STARGAZ­ING

West of 105 Magazine - - Outdoors -

ON A CLEAR, MOON­LESS NIGHT THE NUM­BER OF STARS YOU CAN SEE IN­CREASES EX­PO­NEN­TIALLY THE FUR­THER YOU ARE FROM A CITY.

WITH IN­TER­NA­TION­ALLY-REC­OG­NIZED DES­IG­NA­TIONS, WEST OF 105 OF­FERS SOME OF THE BEST OP­POR­TU­NI­TIES TO SEE AND PHO­TO­GRAPH THE IN­CRED­I­BLE NIGHT SKY IN ALL OF

ITS COS­MIC GLORY.

BLACK CANYON OF THE GUN­NI­SON NA­TIONAL PARK

Re­cently ex­panded thanks to the pur­chase of al­most 2,500 acres, the Black Canyon is a spec­tac­u­lar place any time of day and any time of the year. But at the Black Canyon they want that name to mean some­thing, so they go the ex­tra mile to en­sure the dark skies are the dark­est they can be. Ar­ti­fi­cial light­ing is used only where nec­es­sary for safety, mo­tion de­tec­tors limit the light used in re­strooms and other ar­eas and all out­door light­ing de­vices use lowen­ergy, low-im­pact bulbs with shields that di­rect light to the ground.

Be­cause of these ex­cep­tional skies and the as­tron­omy ed­u­ca­tion pro­grams on of­fer, the Black Canyon was des­ig­nated an In­ter­na­tional Dark Sky Park in Septem­ber 2015.

The park is al­ways open to stargaze on your own, but from May through to the end of Septem­ber, rangers and lo­cal as­tronomers present evening talks ev­ery Wed­nes­day and Fri­day night.

nps.gov/blca

WET MOUN­TAIN VAL­LEY

Sil­ver Cliff and West­cliffe, two sparsely pop­u­lated towns in the Wet Moun­tain Val­ley, earned a joint cer­ti­fi­ca­tion as a Dark Sky Com­mu­nity (as op­posed to the Black Canyon's des­ig­na­tion as a park) from the In­ter­na­tional Dark-Sky As­so­ci­a­tion back in 2015. It was the first such com­mu­nity in the state, the sec­ond in the na­tion, and the ninth in the world.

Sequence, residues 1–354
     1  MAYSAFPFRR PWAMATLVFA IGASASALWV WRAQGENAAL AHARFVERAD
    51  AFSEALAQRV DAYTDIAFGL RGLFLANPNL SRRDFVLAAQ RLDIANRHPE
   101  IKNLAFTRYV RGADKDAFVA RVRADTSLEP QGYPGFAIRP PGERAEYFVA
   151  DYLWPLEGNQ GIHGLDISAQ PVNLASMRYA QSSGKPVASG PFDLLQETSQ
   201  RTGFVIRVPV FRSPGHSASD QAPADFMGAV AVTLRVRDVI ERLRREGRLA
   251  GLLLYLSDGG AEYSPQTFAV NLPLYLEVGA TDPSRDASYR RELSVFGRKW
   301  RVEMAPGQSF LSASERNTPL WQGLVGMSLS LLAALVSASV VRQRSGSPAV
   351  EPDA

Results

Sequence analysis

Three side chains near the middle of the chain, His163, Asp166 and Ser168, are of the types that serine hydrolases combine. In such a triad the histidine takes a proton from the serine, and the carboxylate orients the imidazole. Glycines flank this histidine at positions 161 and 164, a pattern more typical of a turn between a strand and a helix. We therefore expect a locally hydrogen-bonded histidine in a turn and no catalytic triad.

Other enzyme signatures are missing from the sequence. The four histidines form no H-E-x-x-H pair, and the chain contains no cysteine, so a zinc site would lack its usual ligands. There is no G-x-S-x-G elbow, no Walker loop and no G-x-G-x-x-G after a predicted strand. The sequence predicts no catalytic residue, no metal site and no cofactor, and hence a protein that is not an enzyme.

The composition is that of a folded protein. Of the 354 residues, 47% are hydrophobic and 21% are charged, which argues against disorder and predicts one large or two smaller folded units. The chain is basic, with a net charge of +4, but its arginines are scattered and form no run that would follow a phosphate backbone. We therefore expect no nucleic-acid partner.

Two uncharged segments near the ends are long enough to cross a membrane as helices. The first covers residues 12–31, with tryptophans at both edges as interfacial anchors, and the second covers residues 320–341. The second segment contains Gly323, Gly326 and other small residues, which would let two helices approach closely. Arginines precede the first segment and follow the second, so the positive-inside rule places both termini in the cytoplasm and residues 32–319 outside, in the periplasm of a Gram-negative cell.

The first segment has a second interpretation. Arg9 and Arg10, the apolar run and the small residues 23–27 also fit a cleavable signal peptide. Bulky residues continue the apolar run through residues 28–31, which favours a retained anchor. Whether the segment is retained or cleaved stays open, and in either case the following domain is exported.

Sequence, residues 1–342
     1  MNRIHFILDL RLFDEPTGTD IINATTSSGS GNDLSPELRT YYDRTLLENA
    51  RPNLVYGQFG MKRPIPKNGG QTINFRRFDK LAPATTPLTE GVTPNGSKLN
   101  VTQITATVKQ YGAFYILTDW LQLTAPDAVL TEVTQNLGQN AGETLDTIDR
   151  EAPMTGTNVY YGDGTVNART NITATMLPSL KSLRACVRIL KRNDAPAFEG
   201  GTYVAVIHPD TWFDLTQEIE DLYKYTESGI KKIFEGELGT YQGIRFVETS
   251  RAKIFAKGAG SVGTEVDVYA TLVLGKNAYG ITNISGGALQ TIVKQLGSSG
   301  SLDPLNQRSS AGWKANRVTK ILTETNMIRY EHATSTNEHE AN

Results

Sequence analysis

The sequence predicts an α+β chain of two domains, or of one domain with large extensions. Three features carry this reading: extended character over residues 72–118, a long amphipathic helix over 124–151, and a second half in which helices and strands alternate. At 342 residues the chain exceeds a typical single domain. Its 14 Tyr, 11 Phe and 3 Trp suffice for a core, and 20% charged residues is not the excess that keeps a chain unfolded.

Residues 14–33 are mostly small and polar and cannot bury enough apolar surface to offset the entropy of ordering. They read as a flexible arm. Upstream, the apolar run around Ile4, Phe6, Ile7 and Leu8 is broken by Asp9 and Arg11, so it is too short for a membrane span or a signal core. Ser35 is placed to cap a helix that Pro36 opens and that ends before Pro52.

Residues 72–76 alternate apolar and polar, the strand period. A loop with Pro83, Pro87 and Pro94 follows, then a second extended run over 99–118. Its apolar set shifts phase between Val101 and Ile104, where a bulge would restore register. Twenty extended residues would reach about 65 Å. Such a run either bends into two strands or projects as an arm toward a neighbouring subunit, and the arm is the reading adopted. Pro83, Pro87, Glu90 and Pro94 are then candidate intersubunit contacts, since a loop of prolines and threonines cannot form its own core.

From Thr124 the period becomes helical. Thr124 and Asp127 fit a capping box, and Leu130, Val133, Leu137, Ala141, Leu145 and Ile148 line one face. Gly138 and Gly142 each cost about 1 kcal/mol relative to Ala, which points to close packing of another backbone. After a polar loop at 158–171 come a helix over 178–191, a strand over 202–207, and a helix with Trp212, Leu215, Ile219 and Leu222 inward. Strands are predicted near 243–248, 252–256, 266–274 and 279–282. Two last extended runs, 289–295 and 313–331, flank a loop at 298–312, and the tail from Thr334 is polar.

The Smokey Jack Ob­ser­va­tory in West­cliffe has one of the largest and most state of the art tele­scopes in the state of Colorado. Main­tained by Dark Skies of the Wet Moun­tain Val­ley, the group also hosts free pub­lic “star par­ties” where you can min­gle and stargaze. The par­ties are sched­uled from May to Oc­to­ber based on cur­rent as­tro­nom­i­cal events.

The ob­ser­va­tory is open year around and vis­i­tors can throw their own pri­vate star party, hosted by a trained guide, through­out the year. Amaz­ingly these pri­vate events are free but reser­va­tions are cru­cial. Visit dark­ski­es­col­orado.org for more info.

DI­NOSAUR NA­TIONAL MON­U­MENT

Apart from the cool name and the 149-mil­lion-year-old fos­sils, Di­nosaur Na­tional Mon­u­ment also hap­pens to be one of the dark­est places in the coun­try.

Although the mon­u­ment has a des­ig­nated spot near Split Moun­tain Camp­ground where night sky pro­grams are held, most of the mon­u­ment is good for view­ing the night sky with ei­ther the naked eye or with tele­scopes and binoc­u­lars.

Di­nosaur Na­tional Mon­u­ment of­fers all kinds of events are of­fered through­out the year, but of par­tic­u­lar in­ter­est to those with a pen­chant for dark skies are the naked eye con­stel­la­tion tours. The tours are fol­lowed by view­ing plan­ets, neb­u­lae, star clus­ters and other deep sky ob­jects through tele­scopes at Split Moun­tain Camp­ground. Re­main­ing dates for 2018 are Septem­ber 5th and 8th at 8:45 pm.

nps.gov/dino

WORK­SHOPS

Those who want to gaze up at the in­cred­i­ble ta­pes­try of pin pricks on the Bible black sky need do no more than find a dark place and look up (it is worth re­mem­ber­ing that the core of the Milky Way isn't par­tic­u­larly vis­i­ble dur­ing win­ter in the north­ern hemi­sphere). For a closer view, the Black Canyon, West­cliff and Sil­ver

Cliff have as­tron­omy groups that meet reg­u­larly to peer into the cos­mos through very pow­er­ful tele­scopes. These groups are very wel­com­ing and love to share their pas­sion with new­com­ers. Visit dark­sky.org for more info.

If you want to take home a me­mento, you might want to think about join­ing an as­tropho­tog­ra­phy work­shop. Cap­tur­ing the Milky Way in all of its neb­u­lous splen­dor is not easy and re­quires a few bits of equip­ment as well as some spe­cial­ist knowl­edge.

Mike Pach runs night sky pho­tog­ra­phy work­shops in the West­cliffe/Sil­ver­cliff area. Visit 3peak­sphoto.com for more in­for­ma­tion.

Pho­tos: Mike Pach; (main image), San­gre Pho­tog­ra­phy, LLC / san­grepho­tog­ra­phy.com (bot­tom three im­ages)

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